State House Speaker Richard Corcoran, once widely expected to enter the Governor’s race, has endorsed Republican gubernatorial candidate Adam Putnam.
Corcoran, a Land O’ Lakes Republican, made the announcement Wednesday morning at the Florida Association of Realtors. The move ends long-running speculation the Speaker would run for Governor — or any other office in 2018.
Corcoran, who is term-limited this fall, framed the decision to stay off the ballot as sticking to his “word.” He told media repeatedly that he’d run for Governor or otherwise “go home.”
“I’m proud to say that decision is, thoroughly, we’re going home,” Corcoran said after delivering his endorsement of the Agriculture Commissioner.
News broke Tuesday night of Corcoran’s intent to back Putnam and stay out of the gubernatorial race. He teased a “big announcement” last week, at which point guesswork from political circles produced theories of an entrance into the Attorney General race or maintained he’d make a late debut into the Governor’s race.
In endorsing Putnam, Corcoran lauded the Bartow native’s character and commitment to the state.
“Adam is sincere, he is authentic, he is principled, he is passionate,” Corcoran said. “He loves this state.”
The Speaker also pointed to the field of gubernatorial competition, particularly Democrats, and messaged his support as a move to avoid the consequence of a potential Democratic victory.
He listed the accomplishments of Republican control in Florida. Among them: cutting taxes and red tape, reducing state debt, adding to reserves, building up the state university system and contributing to overall job growth.
All Democratic candidates, Corcoran said, intend to walk back those successes.
“What’s daunting, what’s troubling is that we have every Democratic candidate taking the position that they’re going to roll back and overregulate as much as they possibly can. They’re going to raise taxes, they’re going to take all of those victories and put those burdens back on the people of the state that can ill-afford them — while right now [Floridians] are prospering to a tremendous degree,” Corcoran said.
Corcoran said he isn’t one to “sit on the sidelines” after making a decision. After opting not to run for the Governor’s Mansion, it took him “2.2. seconds” to determine he’d back Putnam.
Fundraising totals evidenced the Speaker’s early intent to run. At the end of 2017, Corcoran-affiliated Watchdog PAC had amassed more than $6 million in contributions. Testing the waters of the electorate, the PAC doled out early spends on issue-based ads and self-promos in 2018, so much so that at the end of April Watchdog had under $2 million at the ready. The amount pales in comparison to Putnam’s cash prowess; he’s raised more than $28 million to date.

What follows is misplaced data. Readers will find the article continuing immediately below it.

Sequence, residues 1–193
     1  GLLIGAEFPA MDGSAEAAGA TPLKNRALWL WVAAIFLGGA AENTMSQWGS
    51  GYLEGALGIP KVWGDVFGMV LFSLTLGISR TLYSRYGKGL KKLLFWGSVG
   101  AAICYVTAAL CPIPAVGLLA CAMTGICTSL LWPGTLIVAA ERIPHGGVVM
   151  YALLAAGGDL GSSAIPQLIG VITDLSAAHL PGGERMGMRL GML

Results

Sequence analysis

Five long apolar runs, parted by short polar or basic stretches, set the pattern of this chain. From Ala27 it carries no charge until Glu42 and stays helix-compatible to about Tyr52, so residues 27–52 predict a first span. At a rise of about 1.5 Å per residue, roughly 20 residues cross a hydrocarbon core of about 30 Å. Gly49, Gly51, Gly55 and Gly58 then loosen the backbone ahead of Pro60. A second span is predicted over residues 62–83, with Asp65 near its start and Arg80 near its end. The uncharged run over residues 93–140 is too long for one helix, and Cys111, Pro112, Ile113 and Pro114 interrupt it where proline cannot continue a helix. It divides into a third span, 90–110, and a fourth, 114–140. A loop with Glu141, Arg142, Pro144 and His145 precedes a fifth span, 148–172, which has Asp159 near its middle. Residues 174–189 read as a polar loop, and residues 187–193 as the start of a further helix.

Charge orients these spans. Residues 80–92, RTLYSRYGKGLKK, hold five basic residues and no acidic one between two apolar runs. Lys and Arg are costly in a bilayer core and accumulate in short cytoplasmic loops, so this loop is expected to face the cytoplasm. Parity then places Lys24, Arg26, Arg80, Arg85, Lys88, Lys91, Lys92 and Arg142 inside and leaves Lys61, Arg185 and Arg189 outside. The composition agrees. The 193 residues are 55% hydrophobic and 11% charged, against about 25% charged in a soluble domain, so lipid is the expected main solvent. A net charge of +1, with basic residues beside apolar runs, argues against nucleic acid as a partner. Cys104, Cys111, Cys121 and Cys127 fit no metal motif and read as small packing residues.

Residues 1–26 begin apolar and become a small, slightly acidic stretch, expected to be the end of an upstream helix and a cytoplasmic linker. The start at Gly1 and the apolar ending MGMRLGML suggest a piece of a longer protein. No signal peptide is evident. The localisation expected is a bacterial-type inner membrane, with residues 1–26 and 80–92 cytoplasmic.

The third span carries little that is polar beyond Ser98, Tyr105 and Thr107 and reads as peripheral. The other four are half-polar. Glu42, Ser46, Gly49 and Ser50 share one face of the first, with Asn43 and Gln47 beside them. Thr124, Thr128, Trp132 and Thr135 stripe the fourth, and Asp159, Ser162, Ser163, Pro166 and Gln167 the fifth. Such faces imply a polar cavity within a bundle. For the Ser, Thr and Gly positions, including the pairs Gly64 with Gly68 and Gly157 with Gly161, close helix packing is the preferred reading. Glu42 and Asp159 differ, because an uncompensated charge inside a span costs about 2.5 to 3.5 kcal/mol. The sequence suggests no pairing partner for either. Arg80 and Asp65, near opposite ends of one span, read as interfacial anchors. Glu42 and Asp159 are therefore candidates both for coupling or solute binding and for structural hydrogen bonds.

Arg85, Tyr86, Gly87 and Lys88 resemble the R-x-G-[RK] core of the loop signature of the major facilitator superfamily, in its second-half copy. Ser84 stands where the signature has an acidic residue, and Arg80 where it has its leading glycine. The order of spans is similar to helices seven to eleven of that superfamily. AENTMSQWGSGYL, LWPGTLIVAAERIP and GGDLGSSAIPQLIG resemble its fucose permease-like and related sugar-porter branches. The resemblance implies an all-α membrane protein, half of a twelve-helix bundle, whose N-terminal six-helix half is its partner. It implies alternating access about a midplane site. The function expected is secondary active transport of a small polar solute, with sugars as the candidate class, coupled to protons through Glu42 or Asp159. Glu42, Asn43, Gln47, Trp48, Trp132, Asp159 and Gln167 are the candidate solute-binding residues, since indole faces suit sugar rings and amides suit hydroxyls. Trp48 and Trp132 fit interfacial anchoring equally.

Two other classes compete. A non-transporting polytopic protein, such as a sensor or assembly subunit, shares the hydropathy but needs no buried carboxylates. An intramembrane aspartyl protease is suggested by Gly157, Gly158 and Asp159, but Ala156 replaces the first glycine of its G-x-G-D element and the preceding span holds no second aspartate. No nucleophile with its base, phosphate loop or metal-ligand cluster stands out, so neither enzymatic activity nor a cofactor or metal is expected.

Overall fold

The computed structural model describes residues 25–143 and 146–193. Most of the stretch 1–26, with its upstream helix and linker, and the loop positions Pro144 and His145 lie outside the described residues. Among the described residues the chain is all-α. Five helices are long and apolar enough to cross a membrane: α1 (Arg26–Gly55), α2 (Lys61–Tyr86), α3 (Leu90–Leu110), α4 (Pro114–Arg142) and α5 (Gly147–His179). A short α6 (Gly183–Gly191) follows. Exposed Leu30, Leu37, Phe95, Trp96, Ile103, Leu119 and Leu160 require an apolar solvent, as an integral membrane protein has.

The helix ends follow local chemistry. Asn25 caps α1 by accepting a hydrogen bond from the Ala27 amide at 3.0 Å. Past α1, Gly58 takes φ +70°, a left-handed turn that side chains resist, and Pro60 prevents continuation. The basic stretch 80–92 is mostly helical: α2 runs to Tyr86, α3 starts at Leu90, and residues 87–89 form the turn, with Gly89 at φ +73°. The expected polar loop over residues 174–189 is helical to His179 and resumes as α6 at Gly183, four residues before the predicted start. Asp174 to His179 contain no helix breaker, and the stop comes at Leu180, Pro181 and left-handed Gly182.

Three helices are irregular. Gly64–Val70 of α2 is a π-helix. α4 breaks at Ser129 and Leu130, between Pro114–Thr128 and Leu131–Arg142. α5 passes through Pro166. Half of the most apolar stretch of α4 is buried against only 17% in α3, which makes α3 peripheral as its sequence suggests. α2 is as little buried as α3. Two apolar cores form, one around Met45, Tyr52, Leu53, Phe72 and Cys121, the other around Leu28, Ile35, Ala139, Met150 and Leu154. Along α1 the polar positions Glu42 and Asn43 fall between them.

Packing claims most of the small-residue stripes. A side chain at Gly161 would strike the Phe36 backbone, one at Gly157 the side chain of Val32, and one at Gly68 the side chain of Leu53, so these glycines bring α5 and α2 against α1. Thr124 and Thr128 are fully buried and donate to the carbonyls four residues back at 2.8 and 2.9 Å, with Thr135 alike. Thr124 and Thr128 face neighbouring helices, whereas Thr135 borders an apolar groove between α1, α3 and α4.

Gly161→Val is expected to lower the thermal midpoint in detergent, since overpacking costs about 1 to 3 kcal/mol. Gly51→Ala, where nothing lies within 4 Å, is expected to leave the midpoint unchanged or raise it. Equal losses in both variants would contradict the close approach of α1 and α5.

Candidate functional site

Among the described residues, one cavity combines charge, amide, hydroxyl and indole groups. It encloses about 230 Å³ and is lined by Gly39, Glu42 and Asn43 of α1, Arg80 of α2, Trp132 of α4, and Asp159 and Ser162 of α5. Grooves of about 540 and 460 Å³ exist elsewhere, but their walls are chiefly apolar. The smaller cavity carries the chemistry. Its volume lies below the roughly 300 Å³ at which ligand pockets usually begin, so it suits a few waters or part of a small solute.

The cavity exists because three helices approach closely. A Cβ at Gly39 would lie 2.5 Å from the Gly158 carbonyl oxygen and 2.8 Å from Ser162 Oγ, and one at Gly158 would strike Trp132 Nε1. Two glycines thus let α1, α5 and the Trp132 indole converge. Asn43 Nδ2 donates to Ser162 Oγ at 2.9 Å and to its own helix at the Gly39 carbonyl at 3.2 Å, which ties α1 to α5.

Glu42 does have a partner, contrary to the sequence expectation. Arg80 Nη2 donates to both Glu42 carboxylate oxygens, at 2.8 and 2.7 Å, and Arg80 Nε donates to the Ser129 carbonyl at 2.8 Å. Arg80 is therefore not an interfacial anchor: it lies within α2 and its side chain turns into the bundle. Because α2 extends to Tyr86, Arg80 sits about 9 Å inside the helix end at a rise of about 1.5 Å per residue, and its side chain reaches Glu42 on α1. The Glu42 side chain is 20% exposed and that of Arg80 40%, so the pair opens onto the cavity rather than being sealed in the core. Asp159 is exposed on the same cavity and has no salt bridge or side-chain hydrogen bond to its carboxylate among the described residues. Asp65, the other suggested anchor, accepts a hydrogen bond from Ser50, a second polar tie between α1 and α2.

As far as the remaining cash in Watchdog is concerned, Corcoran said he’d sit down with leadership to discuss where the money should go. He hinted it might shift over to competitive statewide legislative races.
“I think what’s also important is that we maintain a majority in the [state] House and a majority in the [state] Senate,” Corcoran said. He added he’ll be meeting with state Senate President-designate Bill Galvano, who chairs the Florida Republican Senatorial Campaign Committee, or the GOP campaign arm of the state Senate.
Some of the cash also could end up in Putnam’s hands, Corcoran said.
“I think it’s important that Florida is a bellwether state; what happens in Florida goes to every other single state,” Corcoran said.
The Republican primary now boasts just two candidates. Putnam will compete with full-throated support from Corcoran as a longtime concierge of the Sunshine State, while U.S. Rep. Ron DeSantis, of Ponte Vedra, will run with the backing of President Donald Trump.
The DeSantis campaign has framed the recent endorsement as something that “only matters to insiders.”
“Conservative principles don’t matter to career insiders, just deals and deal making,” DeSantis camp press secretary David Vasquez said. “That’s why we’re not surprised to see this corrupt bargain even after Richard Corcoran accurately called out Adam Putnam’s support for amnesty for illegal immigrants. Or after Adam Putnam said he wouldn’t have signed Richard Corcoran’s signature school choice legislation. But when you’re in the Tallahassee swamp, conservative principles are expendable for political expediency.”
Talk of DeSantis was limited Wednesday morning, though Corcoran showed that he won’t refrain from campaigning against the congressman on Putnam’s behalf.
When asked about DeSantis’ remarks, Corcoran quipped, “Was it from a studio in New York?”